Editor’s Note: Imagine Nashua: Then & Now is a weekly photo column by Don Himsel. Each week, he will feature an old photo within a more recent photo and an explanation of how he got the shot.
Who does this kind of thing, anyway?
My usual contact with Parking Enforcement Officer Jennifer Bartlett means me racing along a downtown street waving pocket change at her as the parking ticket hits the windshield. Bartlett, a Nashua native, enforces the parking laws in the city. She had saved some old photos after her father, Norman, passed away and reached out to see if I was interested in seeing them.
First, a story.
“We didn’t know about this until 2008,” Jennifer said. “My partner and I were doubled up in a cruiser driving down West Pearl Street and see this old man with grey hair standing in the middle of traffic. I’m driving and I’m looking and I’m not sure what I’m seeing.
“My partner’s reaction was priceless,” she said. “‘What is that crazy man doing?’ I’m inching closer and I say, ‘that’s my dad.’ ”
I thought I was the only person around here who would garner that reaction.
“He was standing in the middle of the Walnut Street Oval because that’s where he stood, probably 40 years earlier, to take a particular picture, so he needed to be in that spot. It didn’t matter about traffic. He was waving us through,” she said.
She said that was almost, but not quite, normal, and not unexpected.
“At some point, he had taken a whole series of pictures in the area of the old West Pearl Street prior to the Bronstein Apartments,” said Jennifer’s husband, Russ, who is a Nashua Fire Rescue Lieutenant. “Myrtle Street, the courthouse … A lot of these were taken just prior to demolition of that whole neighborhood.”
The resulting collection is a fantastic look back at what was once known as the Myrtle Street Renovation Project. In the early 1970s, aging tenements were torn down, streets rerouted and families moved, all in advance of the construction of what is now the Bronstein Apartments.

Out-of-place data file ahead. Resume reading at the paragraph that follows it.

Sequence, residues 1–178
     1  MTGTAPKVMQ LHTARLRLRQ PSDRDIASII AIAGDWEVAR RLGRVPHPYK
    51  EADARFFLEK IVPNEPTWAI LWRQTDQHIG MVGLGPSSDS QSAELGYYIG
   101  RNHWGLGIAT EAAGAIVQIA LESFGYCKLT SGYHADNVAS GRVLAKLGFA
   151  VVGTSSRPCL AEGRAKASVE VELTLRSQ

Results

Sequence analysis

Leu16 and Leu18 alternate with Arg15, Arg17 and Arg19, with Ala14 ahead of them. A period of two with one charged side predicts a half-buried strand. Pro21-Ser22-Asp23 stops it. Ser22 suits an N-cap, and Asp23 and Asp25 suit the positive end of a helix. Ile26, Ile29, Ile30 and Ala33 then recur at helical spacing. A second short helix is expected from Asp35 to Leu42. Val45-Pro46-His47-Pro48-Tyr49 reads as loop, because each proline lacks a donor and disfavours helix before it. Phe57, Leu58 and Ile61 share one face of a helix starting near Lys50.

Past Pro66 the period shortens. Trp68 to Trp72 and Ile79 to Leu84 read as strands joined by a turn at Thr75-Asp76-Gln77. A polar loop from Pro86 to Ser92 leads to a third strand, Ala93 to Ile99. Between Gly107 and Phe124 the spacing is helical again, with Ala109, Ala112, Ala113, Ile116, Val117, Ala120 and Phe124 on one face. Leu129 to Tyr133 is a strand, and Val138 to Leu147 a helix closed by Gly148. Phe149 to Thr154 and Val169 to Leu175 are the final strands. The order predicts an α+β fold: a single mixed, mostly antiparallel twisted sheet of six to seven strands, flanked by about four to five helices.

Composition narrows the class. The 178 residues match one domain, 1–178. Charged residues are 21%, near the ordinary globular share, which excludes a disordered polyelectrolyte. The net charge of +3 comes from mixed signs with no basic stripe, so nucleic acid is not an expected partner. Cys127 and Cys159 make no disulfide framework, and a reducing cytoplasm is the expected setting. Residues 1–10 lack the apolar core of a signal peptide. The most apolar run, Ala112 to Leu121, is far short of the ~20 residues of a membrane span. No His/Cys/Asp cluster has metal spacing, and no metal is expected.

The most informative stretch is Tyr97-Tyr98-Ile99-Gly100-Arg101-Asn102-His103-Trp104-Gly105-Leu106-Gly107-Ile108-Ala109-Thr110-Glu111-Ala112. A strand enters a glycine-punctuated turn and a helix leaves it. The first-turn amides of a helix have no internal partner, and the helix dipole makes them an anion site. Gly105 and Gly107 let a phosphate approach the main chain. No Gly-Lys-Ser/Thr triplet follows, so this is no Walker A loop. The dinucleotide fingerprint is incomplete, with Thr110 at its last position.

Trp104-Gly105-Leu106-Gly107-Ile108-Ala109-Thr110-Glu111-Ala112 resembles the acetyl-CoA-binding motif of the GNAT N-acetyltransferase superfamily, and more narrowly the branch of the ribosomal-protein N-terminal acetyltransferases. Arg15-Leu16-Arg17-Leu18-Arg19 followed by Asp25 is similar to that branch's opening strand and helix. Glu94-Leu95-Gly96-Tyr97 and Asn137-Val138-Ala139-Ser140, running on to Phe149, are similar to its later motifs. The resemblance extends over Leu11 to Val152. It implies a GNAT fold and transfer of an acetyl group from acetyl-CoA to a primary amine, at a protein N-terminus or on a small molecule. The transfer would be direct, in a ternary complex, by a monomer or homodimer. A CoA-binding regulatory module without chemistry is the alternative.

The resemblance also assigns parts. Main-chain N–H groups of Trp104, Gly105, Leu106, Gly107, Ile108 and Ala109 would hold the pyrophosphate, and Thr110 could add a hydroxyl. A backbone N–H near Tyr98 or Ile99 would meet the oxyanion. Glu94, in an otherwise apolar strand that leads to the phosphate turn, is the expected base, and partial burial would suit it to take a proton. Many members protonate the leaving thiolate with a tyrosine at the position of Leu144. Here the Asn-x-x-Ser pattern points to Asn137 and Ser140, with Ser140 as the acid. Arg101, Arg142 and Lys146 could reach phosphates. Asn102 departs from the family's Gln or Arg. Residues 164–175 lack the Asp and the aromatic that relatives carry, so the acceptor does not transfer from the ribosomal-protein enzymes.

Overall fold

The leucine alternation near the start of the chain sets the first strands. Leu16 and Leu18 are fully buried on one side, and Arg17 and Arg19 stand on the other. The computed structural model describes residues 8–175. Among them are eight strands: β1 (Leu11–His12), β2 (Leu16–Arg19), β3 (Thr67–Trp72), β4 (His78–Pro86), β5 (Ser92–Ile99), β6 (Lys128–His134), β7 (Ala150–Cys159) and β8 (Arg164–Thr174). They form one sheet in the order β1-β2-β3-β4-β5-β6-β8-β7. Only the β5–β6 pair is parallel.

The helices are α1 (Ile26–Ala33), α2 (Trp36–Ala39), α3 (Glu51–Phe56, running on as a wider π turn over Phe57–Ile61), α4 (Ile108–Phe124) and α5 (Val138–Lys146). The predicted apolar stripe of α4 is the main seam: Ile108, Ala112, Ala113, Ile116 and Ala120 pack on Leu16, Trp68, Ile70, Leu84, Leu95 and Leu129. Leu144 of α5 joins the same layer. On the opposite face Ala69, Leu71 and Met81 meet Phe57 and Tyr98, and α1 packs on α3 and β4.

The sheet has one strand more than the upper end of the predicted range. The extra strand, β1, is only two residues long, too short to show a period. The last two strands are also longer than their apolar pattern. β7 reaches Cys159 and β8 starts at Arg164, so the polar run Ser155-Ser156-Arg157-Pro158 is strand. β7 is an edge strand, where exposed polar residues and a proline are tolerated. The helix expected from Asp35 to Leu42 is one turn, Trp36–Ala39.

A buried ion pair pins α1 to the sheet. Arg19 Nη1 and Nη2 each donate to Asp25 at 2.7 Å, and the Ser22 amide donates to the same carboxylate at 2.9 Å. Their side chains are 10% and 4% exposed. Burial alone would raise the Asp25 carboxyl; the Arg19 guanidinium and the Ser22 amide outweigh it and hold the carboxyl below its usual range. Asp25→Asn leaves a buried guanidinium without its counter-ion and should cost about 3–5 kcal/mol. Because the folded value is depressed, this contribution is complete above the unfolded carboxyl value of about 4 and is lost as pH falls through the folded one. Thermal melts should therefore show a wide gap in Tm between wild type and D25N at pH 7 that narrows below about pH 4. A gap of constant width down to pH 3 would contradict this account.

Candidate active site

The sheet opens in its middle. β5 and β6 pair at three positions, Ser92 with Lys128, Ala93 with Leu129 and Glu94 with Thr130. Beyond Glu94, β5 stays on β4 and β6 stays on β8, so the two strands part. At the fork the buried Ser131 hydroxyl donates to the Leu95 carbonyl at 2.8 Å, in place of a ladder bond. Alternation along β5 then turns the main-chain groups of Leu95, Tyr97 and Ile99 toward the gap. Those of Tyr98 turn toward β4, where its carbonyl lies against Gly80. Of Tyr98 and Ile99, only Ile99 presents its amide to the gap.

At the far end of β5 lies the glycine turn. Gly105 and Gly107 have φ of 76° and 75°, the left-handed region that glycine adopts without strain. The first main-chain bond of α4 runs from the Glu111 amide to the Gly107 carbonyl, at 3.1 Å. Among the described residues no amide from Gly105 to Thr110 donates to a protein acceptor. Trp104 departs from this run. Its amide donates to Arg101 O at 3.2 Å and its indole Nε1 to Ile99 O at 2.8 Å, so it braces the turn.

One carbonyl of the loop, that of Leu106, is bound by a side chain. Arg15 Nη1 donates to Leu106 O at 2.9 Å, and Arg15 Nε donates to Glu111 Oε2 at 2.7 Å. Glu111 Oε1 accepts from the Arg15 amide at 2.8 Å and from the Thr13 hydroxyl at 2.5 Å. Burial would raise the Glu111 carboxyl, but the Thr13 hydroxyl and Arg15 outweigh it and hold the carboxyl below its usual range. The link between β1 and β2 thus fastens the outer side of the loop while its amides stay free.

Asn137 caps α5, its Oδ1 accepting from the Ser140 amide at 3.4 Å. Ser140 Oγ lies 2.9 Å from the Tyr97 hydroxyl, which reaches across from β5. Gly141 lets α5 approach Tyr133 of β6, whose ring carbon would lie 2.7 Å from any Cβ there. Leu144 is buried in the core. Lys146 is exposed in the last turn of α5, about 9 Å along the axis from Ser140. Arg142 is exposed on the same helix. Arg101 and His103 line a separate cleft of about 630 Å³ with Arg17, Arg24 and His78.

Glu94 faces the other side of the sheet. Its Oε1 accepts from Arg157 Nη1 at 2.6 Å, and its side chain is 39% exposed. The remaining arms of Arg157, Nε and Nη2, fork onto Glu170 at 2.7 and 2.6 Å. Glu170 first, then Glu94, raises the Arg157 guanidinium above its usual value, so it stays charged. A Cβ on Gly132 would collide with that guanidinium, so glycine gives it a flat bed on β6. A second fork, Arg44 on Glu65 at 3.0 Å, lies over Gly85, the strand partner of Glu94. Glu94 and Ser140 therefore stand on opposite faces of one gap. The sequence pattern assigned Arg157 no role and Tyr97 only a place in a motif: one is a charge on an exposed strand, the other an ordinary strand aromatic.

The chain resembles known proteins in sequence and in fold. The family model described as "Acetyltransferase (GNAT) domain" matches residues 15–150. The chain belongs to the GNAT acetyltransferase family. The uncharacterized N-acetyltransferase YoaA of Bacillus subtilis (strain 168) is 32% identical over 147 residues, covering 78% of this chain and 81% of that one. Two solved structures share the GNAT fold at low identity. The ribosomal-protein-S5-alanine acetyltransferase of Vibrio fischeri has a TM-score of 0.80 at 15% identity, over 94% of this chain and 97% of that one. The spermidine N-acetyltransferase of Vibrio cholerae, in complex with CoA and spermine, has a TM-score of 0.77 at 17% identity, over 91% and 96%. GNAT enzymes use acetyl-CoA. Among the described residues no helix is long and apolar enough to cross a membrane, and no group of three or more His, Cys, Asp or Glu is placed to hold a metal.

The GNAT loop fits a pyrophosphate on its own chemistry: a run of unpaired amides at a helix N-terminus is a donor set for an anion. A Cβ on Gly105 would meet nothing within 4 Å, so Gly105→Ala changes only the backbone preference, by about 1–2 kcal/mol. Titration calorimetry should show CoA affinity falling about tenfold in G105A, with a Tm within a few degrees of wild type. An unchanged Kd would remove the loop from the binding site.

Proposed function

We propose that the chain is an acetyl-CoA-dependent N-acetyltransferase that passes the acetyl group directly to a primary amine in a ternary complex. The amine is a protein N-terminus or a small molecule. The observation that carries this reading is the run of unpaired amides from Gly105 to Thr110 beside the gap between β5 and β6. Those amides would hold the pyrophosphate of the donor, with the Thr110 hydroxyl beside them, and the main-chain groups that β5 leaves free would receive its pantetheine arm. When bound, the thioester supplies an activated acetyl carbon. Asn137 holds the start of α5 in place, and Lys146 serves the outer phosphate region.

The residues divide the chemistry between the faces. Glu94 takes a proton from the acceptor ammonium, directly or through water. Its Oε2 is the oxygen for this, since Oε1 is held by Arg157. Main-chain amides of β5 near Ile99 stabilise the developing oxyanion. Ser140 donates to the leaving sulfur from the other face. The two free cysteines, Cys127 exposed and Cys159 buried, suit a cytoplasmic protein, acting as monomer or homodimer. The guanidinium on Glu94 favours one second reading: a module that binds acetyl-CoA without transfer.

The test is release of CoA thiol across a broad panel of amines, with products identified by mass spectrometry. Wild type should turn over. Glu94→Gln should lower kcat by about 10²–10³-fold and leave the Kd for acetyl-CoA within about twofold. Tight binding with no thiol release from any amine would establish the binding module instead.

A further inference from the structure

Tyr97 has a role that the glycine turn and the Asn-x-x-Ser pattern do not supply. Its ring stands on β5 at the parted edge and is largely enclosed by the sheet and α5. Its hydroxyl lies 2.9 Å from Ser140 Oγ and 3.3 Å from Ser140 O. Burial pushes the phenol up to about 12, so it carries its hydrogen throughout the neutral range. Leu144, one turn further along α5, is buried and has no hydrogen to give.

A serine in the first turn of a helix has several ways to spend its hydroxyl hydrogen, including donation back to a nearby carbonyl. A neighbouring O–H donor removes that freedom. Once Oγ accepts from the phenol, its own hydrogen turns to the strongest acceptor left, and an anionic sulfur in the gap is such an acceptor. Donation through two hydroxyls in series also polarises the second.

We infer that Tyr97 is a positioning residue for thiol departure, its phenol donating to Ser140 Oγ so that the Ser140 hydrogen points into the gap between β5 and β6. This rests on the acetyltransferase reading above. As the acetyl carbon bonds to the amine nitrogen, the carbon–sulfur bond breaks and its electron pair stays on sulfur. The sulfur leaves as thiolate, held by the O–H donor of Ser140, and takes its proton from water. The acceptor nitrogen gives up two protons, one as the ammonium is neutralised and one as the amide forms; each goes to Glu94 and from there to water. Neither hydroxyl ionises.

“Let’s hope Nashua will be a new city in the next five to 10 years,” said then-Nashua mayor, Mario J. Vagge, in a Telegraph story written by John Stylianos in March 1962. “The money (federal), is available. There are blighted areas here and we should take advantage of federal funds. You’re paying (taxes) for the clearance of blighted areas in other communities,” Vagge said.
“Housing seems to be the most serious need. Myrtle st (sic) is a very sad situation. We need parking to give our industries added services. The area has sub-standard homes. You’ll always have that element; families with low income, usually, with a lot of children. We should not take it out on the children. We need more housing,” Vagge said.
Norman made many photos of the buildings around what was originally a 17-plus acre downtown parcel of land that would eventually be transformed into the squat brick row houses that are there now.
“I had no idea these existed when I was a kid,” Jennifer tells me. “He had a basement full of photos.”
This building was situated in the Bronstein complex along what is now Central Street, across from Ash Street. Careful cross-references with a Sanborn map confirmed the spot.
“Later, he went back and took a few pictures to get the same perspective of what was then and what is now,” Russ said.
“He talked the people at the Labine Building into letting him up onto the rooftop,” Jennifer said. “He was sitting on the ledge with his legs dangling over. He was 80, sitting on the edge of that building before it occurred to him that this could be dangerous. But he got the same shot looking down Pine Street because that was the one he had gotten however many years earlier.”
“We’ve had a magnifying glass out looking at various things,” Russ said. One night he laid out some of the photos onto the floor of the firehouse where he was stationed, going over them with some old-timers who could still remember some of the places. “Now I’m in this district, and you try to picture what it looked like then,” he said, marveling at what was then, and what is now.
The old photos have been collected into a fat binder, with a scattered few of contemporary shots carefully tucked next to them. Street signs and roof lines offer clues to intrepid modern photographers who weave in and out of downtown traffic, forcing drivers to squint out their windows and say “what is that crazy man doing?”
Don Himsel can be reached at 594-6590 or firstname.lastname@example.org. Also, follow Himsel on Twitter (@Telegraph_DonH).